A landscape designer creates beautiful and functional outdoor living spaces. The spaces they design for include residential areas, public parks, gardens, and other exterior places. If you enjoy working outside and love to design, this may be the job for you! Next, watch a video with a landscape designer to learn more.
How to Become a Landscape Designer
Landscape designers can begin their career by earning a professional certification. These certifications can be offered by vocational schools and community colleges. New designers can also gain experience under an experienced designer or architect. Designers can gain experience at botanical gardens, nurseries, greenhouses, or golf courses. Designers who want to further advance in this career field can attend school to earn a two-year associate’s degree at an accredited community college.
An associate’s degree can be beneficial as credits can count toward their bachelor’s degree should the designer wish to continue their education. Associate’s and bachelor’s degrees have courses in landscape design plant science like biology, geography, earth science, horticulture, math, and science. Pro Landscape design software classes should be part of the curriculum, like AutoCAD.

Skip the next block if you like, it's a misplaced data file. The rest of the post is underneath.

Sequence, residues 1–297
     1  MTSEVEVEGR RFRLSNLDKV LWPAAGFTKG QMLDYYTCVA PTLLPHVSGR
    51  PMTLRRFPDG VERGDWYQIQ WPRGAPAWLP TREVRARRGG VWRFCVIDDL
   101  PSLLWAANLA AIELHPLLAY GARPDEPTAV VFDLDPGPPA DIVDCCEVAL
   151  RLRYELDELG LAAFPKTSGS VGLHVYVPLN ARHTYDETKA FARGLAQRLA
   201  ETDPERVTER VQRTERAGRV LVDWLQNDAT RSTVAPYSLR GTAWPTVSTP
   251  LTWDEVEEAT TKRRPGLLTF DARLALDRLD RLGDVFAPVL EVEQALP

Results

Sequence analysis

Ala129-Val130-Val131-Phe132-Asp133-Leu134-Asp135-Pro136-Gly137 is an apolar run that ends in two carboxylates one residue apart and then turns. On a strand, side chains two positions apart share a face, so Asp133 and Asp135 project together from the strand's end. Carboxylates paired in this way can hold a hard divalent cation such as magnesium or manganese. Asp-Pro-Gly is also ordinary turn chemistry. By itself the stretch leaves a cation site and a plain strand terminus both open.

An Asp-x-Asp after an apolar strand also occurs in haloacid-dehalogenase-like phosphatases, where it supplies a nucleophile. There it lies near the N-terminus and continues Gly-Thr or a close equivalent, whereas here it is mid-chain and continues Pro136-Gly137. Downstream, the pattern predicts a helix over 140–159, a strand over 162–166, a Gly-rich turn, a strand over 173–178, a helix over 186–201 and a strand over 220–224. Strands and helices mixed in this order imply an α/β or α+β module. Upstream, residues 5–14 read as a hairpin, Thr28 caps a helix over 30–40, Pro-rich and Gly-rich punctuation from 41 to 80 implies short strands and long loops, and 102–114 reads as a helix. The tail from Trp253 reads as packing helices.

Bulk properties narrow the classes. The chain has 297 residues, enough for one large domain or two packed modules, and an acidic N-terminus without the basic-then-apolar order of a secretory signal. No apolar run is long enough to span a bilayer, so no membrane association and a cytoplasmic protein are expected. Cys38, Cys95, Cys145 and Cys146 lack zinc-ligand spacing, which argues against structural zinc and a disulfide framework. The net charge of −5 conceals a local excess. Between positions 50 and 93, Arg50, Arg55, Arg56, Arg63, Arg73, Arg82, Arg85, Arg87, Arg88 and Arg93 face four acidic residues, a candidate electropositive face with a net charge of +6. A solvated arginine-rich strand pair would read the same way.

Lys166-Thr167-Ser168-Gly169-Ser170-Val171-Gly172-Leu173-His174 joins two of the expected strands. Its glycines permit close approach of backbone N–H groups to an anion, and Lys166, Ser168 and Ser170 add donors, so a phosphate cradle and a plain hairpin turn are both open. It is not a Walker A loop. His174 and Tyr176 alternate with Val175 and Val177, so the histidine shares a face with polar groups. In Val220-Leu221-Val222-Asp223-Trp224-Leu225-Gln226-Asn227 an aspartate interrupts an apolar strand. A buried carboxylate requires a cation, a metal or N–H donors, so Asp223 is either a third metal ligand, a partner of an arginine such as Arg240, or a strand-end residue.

Landscape Designer Job Description
Landscape designers typically work in public parks, playgrounds, private homes, golf clubs, and private residences. The goal is to integrate the space between garden design and landscape architecture, combining nature and culture. A designer consults clients to understand what they want for their outdoor space and then gets to work. Creativity is vital in this job and they have extensive knowledge of the environment, plants, and ecological systems. They studies the soil, drainage, slope, and all man-made and natural components for the project and also consider construction plans, lighting, decks, arbors, and planting beds.
Designers compile sketches using landscape design software to design spaces that are pleasing to the eye and functional in use. They study how much time a client might spend in the space and who uses it, and any historical or sentimental significance to the area. After the client’s approval, the project begins with the landscape designer managing the installation crews to ensure all goes according to plan. They continue to meet with the client throughout the project to update their progress and discuss any modifications needed. The landscape designer meets with vendors, businesses, and individual clients and manages their accounts. They negotiate contracts and ensure budgets remain within the confines of the project. The designer must also account for the geography of the job to ensure plants, flowers, and other materials are compatible with the climate.